Alaska government can do better for seniors
Alaska faces unparalleled fiscal challenges threatening the hard-won financial and personal security of our elders. In the midst of such challenges it is prudent to utilize a wide and diverse array of policy tools to limit and counteract the damage to our people and institutions. This is not the time to cut programs buttressing the social safety net, the elements of which are the guarantor of our common wealth. Unfortunately, our legislature has taken a different approach.
In the course of the legislature’s past two sessions, we’ve witnessed a zealous attempt to cut our way out of our present predicament with little apparent concern for the vulnerable. The legislature has made cuts to the Senior Benefits program, and cut millions of dollars to programs assisting low-income seniors with home heating and dental care.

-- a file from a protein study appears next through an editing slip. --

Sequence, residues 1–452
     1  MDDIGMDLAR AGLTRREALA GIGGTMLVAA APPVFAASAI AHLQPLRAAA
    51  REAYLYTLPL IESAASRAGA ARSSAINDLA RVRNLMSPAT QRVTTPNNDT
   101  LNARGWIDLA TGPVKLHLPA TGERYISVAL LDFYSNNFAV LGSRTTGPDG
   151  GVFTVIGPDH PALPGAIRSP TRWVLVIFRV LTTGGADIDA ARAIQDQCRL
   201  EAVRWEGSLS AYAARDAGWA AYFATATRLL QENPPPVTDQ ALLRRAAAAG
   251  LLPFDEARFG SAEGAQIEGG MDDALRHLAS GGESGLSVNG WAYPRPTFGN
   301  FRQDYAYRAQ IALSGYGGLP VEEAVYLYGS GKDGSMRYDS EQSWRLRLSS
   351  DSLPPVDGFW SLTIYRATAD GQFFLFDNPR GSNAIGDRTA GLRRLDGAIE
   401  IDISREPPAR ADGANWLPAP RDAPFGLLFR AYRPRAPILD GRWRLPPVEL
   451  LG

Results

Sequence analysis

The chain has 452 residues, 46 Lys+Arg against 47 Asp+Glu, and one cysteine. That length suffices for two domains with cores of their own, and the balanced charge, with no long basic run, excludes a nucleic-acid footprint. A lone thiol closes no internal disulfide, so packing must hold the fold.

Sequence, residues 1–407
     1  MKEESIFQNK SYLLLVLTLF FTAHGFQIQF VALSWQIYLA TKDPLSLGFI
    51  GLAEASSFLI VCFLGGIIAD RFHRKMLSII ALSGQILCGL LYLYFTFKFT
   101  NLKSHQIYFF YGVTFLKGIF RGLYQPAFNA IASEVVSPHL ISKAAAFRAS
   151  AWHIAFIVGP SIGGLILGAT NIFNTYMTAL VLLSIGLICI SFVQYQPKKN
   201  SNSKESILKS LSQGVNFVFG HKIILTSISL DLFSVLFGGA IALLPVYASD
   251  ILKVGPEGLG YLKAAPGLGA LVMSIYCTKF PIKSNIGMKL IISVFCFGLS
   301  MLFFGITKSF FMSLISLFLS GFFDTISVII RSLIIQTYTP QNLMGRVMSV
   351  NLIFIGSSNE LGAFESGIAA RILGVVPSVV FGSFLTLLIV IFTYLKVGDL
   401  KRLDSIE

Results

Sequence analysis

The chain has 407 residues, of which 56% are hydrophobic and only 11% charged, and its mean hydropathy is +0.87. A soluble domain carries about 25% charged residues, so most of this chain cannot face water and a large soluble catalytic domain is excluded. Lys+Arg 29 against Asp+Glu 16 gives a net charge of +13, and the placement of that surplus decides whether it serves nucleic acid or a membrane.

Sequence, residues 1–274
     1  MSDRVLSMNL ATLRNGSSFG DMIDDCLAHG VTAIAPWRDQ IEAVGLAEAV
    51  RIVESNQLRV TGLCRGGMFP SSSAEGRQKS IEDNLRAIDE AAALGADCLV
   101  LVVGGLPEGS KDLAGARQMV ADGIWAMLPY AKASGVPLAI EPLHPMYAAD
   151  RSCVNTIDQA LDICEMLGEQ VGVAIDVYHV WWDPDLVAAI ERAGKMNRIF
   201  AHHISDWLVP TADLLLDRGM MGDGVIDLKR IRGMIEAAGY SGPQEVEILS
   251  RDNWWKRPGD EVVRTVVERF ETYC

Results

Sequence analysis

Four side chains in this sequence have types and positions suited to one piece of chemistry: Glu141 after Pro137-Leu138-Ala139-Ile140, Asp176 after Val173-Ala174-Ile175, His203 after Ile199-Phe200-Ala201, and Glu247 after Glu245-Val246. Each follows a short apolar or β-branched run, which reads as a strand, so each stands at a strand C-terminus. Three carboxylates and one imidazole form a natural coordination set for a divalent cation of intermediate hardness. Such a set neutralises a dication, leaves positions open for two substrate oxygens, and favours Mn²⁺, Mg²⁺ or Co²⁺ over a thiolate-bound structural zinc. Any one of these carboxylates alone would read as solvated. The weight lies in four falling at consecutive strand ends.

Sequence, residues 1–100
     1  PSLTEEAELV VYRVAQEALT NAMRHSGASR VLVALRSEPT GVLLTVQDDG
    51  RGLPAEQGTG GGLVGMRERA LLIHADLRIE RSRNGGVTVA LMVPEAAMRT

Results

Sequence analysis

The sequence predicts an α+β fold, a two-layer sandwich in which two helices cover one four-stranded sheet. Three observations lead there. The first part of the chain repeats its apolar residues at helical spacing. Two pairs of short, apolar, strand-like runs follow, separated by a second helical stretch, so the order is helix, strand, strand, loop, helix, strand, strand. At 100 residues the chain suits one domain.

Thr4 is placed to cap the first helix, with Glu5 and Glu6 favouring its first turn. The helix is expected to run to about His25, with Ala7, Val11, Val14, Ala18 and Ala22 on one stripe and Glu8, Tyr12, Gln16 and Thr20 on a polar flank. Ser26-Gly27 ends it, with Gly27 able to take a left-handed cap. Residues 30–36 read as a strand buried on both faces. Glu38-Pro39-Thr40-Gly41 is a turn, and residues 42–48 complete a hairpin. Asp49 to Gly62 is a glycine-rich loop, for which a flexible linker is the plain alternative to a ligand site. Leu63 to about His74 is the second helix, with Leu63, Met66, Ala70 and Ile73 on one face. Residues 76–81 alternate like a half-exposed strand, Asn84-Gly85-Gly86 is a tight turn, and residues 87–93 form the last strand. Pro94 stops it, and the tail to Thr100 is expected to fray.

It is time to translate public consternation and frustration with ineffective and self-serving behavior in Juneau into concerted actions. I can remember when the state encouraged seniors to stay in Alaska by providing a Longevity Bonus. Now that seniors are staying here the state needs to keep its commitment of supporting those we asked to stay after retirement.
I oppose recent consideration of the implementation of a wait fee at our Pioneer Homes and concur with the judgment of the Commission on Aging that it would needlessly harm low-income seniors. As your next state Senator I will vehemently opponent any attempts to privatize our Pioneer Homes.
As Senator Johnny Ellis was recently commenting on the highlights of his legislative career, he applauded how the state once went on a “savings spree rather than a spending spree.” Unfortunately, we have recently gone on a cutting spree which has hurt vulnerable Alaskans at a time when we all need help.
Ed Wesley is a candidate running in the Aug. 16 primary election for Alaska State Senate.